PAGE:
When Germany elects a new government on 26 September the average voter age may be over 50, but a week and a half before polling day it is children who are asking the hard questions of the candidates who want to fill Angela Merkel’s shoes.
Armin Laschet, of the outgoing chancellor’s conservative Christian Democratic Union (CDU), and Olaf Scholz, of the centre-left Social Democratic party (SPD), were both left shifting in their seats in what has been hailed as their toughest grilling of the campaign trail – at the hands of two 11-year-olds.
For the interviews, which were screened as part of the Late Night Berlin comedy programme by the private broadcaster ProSieben on Tuesday night, the two frontrunners faced a rollercoaster of high and low questions in the innocuous setting of a bunting-adorned yurt.
Questions such as “What would you be called if you were a dragon?” and “Do you sometimes build a cave when you want to be alone?” were interspersed with hard-hitting probes of the candidates’ positions on Russian foreign policy, civil protest and dealing with radical delegates in their own ranks.
Laschet, whose party’s fortunes have declined dramatically since he was filmed giggling in the background while Germany’s president gave a solemn address to victims of this summer’s devastating floods, was asked by one of the children, Romeo, why he had laughed.
“Because someone made a stupid comment,” Laschet said. “That was stupid.”
“Can one become chancellor if you don’t know how to behave?”, Romeo’s co-interviewer Pauline probed further. “No,” Laschet responded with an air of impatience. “But I know how to behave.”
The children also put Laschet through the ringer over his stance on Hans-Georg Maaßen, a former head of Germany’s domestic intelligence agency who has restyled himself as a rightwing agitator on social media and is now running for the CDU in Thuringia. Laschet, while insisting that he disagrees with Maaßen on several issues, has declined to publicly condemn him, saying it is up to his constituency to cast a verdict.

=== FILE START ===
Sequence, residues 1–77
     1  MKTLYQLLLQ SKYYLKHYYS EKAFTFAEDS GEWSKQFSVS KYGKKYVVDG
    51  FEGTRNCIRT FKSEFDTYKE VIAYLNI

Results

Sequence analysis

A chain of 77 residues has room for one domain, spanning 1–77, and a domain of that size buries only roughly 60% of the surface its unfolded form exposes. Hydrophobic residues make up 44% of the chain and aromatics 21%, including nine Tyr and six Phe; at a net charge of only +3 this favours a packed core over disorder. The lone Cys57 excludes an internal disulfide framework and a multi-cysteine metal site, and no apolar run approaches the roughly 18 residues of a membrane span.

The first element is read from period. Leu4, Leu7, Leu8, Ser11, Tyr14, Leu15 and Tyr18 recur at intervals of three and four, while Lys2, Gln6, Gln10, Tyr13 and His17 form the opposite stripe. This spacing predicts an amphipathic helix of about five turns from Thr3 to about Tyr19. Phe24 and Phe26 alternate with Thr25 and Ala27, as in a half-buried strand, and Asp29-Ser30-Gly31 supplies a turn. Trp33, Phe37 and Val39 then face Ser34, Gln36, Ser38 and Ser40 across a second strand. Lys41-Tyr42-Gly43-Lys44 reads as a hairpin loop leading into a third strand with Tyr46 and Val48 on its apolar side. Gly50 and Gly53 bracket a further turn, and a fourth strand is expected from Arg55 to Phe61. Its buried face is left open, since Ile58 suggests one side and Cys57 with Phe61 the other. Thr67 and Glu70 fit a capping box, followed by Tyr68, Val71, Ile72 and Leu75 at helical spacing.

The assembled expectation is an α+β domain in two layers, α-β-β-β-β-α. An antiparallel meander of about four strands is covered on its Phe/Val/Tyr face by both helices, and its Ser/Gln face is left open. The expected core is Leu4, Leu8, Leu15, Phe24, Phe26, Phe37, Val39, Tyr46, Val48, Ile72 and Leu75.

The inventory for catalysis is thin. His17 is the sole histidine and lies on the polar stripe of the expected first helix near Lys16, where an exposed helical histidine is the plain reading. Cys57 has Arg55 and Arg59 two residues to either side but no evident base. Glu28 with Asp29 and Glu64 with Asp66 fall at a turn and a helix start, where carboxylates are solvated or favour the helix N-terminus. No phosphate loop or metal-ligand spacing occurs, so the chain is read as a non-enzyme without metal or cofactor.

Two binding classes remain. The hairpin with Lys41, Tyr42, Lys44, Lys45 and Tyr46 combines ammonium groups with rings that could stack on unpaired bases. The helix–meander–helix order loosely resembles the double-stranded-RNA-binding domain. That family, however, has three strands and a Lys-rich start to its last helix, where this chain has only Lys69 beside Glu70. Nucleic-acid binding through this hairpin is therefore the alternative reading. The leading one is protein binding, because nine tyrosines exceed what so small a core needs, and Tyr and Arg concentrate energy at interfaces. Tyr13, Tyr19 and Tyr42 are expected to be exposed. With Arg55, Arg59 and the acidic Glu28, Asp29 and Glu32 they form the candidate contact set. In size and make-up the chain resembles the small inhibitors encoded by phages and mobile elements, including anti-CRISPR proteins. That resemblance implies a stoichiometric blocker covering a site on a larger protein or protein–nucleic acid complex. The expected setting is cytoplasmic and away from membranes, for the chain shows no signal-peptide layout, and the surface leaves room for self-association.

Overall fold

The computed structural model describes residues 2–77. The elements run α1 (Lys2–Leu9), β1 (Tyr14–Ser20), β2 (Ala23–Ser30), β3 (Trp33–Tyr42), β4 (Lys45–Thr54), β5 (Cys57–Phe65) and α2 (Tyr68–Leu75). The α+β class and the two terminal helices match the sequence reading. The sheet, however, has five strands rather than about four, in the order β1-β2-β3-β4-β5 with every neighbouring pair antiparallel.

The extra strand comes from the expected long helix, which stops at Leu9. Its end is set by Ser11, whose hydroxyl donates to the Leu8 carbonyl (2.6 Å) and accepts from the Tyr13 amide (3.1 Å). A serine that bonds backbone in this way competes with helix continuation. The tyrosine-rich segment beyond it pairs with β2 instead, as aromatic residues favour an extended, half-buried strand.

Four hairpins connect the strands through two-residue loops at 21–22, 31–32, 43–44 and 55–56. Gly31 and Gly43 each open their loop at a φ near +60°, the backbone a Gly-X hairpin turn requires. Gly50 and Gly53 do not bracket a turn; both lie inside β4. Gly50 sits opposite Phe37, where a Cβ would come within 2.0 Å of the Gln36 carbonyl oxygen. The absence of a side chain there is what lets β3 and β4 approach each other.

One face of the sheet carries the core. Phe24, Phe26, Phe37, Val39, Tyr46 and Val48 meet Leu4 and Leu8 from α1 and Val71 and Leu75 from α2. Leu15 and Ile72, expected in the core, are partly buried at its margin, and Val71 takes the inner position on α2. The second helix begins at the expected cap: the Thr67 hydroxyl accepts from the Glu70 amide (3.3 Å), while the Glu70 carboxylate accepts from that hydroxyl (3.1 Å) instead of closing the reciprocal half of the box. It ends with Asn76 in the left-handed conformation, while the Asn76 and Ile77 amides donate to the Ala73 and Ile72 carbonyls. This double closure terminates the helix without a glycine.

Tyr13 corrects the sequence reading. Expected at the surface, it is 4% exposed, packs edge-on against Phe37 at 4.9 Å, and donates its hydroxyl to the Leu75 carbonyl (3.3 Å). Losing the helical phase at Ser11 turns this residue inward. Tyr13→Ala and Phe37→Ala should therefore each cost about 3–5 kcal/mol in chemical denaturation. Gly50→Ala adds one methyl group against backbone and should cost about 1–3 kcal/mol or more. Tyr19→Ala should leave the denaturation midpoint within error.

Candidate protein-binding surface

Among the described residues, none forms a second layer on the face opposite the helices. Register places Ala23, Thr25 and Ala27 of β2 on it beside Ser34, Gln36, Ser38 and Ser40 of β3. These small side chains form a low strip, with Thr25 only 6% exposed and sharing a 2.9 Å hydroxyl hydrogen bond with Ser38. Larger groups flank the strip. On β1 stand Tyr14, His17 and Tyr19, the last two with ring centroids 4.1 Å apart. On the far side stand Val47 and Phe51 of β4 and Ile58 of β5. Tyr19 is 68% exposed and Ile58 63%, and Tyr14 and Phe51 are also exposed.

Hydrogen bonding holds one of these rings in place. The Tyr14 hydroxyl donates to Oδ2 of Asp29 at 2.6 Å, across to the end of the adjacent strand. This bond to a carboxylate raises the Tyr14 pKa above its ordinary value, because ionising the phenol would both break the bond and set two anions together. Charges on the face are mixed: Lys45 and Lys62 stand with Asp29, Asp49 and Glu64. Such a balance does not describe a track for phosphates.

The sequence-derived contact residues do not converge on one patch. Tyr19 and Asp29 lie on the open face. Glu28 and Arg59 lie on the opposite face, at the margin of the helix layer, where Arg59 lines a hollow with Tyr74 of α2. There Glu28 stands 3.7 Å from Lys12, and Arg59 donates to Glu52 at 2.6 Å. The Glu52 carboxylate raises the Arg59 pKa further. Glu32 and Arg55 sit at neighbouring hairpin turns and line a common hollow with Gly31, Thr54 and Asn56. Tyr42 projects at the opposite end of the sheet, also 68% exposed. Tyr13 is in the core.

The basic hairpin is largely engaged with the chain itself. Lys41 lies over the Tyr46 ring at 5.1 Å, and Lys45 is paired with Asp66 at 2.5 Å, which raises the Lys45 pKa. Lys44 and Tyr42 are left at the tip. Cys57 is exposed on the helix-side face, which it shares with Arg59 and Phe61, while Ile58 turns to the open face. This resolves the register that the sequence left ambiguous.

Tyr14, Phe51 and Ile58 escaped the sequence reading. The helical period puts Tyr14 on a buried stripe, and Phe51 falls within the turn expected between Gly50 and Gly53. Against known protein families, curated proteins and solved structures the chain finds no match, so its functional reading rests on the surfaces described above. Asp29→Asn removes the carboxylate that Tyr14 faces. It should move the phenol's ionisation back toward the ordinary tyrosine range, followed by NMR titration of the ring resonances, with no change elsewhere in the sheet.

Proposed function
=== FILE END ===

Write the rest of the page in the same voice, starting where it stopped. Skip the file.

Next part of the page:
“Is Maaßen a rightwinger?” Romeo asked. “Do you know him?” Laschet shot back. “Yes,” Romeo replied.
“And why is he a rightwinger?” Laschet returned the question. “I am asking you that,” Romeo insisted calmly.
“If someone says he is a Nazi, that is unfair,” Laschet prevaricated after a pause. “Nazis aren’t allowed to be in the party,” he added, and he tried to usher the children along to the next question.
Laschet was also quizzed about his cigarillo-smoking habit, which Romeo said was “very unhealthy”. “Yes, that’s true”, Laschet replied, pursing his lips. “But so many things are unhealthy. I don’t inhale.”
Laschet’s performance is unlikely to improve his chances in the national vote on 26 September, with the latest polls putting the CDU five to six percentage points behind Scholz’s Social Democrats.
But Scholz did not cover himself in glory either, struggling to answer the children’s casual questions while addressing an adult viewership.
Asked why people called him “Scholzomat”, Scholz said this used to be his nickname because he always gave the same answers. “That was maybe necessary, but not so smart.”
Romeo then asked him whether Vladimir Putin was a murderer. “Putin is someone who is responsible for the fact that a lot of people in Russia have their lives threatened,” said Scholz, diplomatically. “Are you talking Scholzomat again?” asked Romeo.
Romeo and Pauline’s interview with the Green candidate, Annalena Baerbock, is due to be screened next week.
Rightwing media have criticised the show – whose host, Klaas Heufer-Umlauf, has previously backed the SPD – for using children to ask grownup questions. The show’s producers conceded that the two interviewers wore ear sets during the interview.
“To conduct an exciting interview, Pauline and Romeo have to prepare themselves in the same way established journalists have to,” said a ProSieben spokesperson. “They both receive editorial support in that task.”
Other child interviewers in this election campaign have managed to expose politicians without cues. In an interview for the kids’ news programme oLogo!, young Alexander asked Tino Chrupalla, a co-chair of the far-right Alternative für Deutschland, about what he had meant when he said his party wanted more “German cultural properties” to be taught at German schools.
When Chrupalla said he wanted more schoolchildren to learn German folk songs and poems, Alexander said: “I think we already have to learn a lot of poems off by heart,” and he asked the AfD politician what his favourite poem was.
“My favourite poem is, erm, I’d have to have a think about that, I am struggling to think of one right now,” Chrupalla said.
Alexander later told German media he hadn’t tried to lay a trap with his question. “I genuinely didn’t expect that he couldn’t answer that,” he said.